Remember when Clara was a baby and I blogged her progress each month?
I know people always say this—but it really feels like yesterday.
NOT over three years ago.
Of course when I look back at pics and see the other things that were going on in our life at the same time, I realize how much time has passed—Lucy was once in Kindergarten, there was another Celebrate the BOY series, Casey learned to pickle beets, Owen played 3 seasons of baseball.
And we moved into our new home! and said goodbye to the old one.
Things have happened.
And somewhere in the middle of it all, Clara turned into a kid.
I have no more babies.
Sorry. Don’t mean to be dramatic. It’s just fun to have documented her milestones these years—since I never did that with the other kids—and to see the girl she’s turning into.
She’s a girly little goofball.
She can rarely keep a straight face and is often looking at you out of the corner of her eye.
Or she completely closes her eyes with the old “if I can’t see them, they can’t see me” act.
She loves pink. She wants to wear a dress every day of her life. She hates her hair in a ponytail. She prefers clean hands.
She like cats. Correction: she loves cats. And dogs.
She really makes me laugh!
And it’s fun to look back at baby pictures—having a better idea of her personality now—because it’s like I can see that same little person in her all along….through the serious moments and the needy ones, the sleepy faces, and the giggles.
She’s that same Clara, just a little bigger, and with so many wonderful things to learn.
Raising kids is really amazing!
How are we allowed to do this?
The biggest thing that’s changed since my last update is that she talks!
If you follow me on instagram (@danamadeit) I’ve mentioned a few times that Clara doesn’t say much, but I’ve never gone into the details of it all.
Maybe because there aren’t any real details.
We don’t know why she’s speech delayed, but she’s about a year behind her peers.
When she was 2 years old I didn’t worry too much about it, since the other two kids were late talkers. But by 2 1/2 she still wasn’t progressing. So we went to see a Speech Language Pathologist (SLP) to have an evaluation done, and we had her hearing checked as well.
The good news is that her comprehension is right on-par for her age, and her hearing checks out fine. It’s always amazing how much you can communicate with your child without words. 90% of the time I know exactly what she wants and needs and what’s bugging her. But I know there is so much more she wants to share with us. Maybe your child is experiencing, or has gone through speech issues too?
Our pathologist wondered if it was apraxia of speech, which is more of a neurological disorder rather than a muscle issue. But as Clara learns and progresses, we’ve ruled that out. Mostly she has an articulation problem–trouble making the proper sounds—and her language is behind as well, but largely because she can’t articulate what she wants to right now.
BUT. She has made huge progress in the last 6 months since we started therapy!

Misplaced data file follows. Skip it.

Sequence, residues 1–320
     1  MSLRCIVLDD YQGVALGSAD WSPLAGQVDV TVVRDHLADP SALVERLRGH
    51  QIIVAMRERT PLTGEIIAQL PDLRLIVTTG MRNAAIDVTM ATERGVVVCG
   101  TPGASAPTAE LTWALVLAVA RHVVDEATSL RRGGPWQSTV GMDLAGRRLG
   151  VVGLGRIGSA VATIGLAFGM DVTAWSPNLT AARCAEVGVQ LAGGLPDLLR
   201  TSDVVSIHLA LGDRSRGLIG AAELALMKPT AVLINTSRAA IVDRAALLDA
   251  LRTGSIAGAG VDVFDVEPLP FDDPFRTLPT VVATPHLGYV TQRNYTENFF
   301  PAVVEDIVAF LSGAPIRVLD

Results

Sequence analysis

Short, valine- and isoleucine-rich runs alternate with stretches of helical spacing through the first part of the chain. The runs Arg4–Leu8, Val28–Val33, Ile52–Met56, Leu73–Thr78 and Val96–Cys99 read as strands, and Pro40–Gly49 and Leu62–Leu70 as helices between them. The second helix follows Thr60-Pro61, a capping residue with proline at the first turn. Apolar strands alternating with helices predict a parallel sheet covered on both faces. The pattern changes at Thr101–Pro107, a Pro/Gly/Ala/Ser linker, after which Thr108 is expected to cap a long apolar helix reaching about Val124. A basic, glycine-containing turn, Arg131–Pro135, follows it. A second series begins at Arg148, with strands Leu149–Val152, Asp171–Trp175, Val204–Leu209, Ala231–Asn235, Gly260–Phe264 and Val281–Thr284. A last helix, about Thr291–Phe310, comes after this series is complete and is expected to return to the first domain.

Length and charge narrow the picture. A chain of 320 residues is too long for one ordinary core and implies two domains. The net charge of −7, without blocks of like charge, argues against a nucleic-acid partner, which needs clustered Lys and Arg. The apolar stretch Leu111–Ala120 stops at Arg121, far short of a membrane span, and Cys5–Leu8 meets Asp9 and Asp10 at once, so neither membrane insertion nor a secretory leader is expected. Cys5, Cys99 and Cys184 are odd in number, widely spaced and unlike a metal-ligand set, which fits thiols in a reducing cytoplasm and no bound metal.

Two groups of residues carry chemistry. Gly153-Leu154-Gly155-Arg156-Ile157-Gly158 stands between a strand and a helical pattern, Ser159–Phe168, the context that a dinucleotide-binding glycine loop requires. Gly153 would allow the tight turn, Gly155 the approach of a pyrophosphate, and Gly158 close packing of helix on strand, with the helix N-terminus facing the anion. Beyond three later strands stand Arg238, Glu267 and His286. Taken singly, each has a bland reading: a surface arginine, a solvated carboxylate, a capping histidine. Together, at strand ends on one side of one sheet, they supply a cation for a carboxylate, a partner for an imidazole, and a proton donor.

I am amazed.
For the last year I watched her peers spouting off sentences with detailed words like “eagle” rather than just “bird” and all I hoped was that one day Clara could simply say, “milk?”
Of course it’s silly to compare our kids to other kids, because each child has their own timeline. It’s the same battle we face as adults—the compare and contrast.
Why do we do that to ourselves?
It seems extra ridiculous as I type this out.
But it’s hard to accept when your child (or yourself) has an issue. I know there are children and parents dealing with more challenging situations and my heart goes out to them. I don’t mean to make light of the struggles many families go thru. Clara’s speech delay is not severe and over the years, it will come together. But this has given me a glimpse of that parental feeling of just wanting your child to “be normal”. Well, normal in the sense of hitting the normal milestones—yet still being unique in their own special way. I guess we all want to fit in and feel accepted….which ironically, despite my fears, is exactly how her school friends treat her. They love her! When Clara walks in the room the girls yell “Clara!” and smother her with hugs. And I want to cry.
So, we continue to see a Speech Pathologist once a week and we work on words with her at home (both with flashcards and with this cool app called Little Bee Speech). And little by little it’s coming together. Just this week she said to me, “Mom. Watch a show?….turn it up please.”
Um, no we’re not going to watch a show right now….but a sentence! A (mostly) full sentence!
She can now say many of the colors, family names, she says “I love you” at bed time, and so many more words. And most of all she’s making real efforts to try and say new words, to mimic sounds….which is a huge improvement.
So we’ll get there with our Clara Cat.
What a blessing she is to our family, as are your kids in your lives.
Parenting is one of the hardest things most of us will ever do. But it has rewards you can never gain anywhere else in life.
I hope all is well at your house! And that you’re getting extra help where you need it.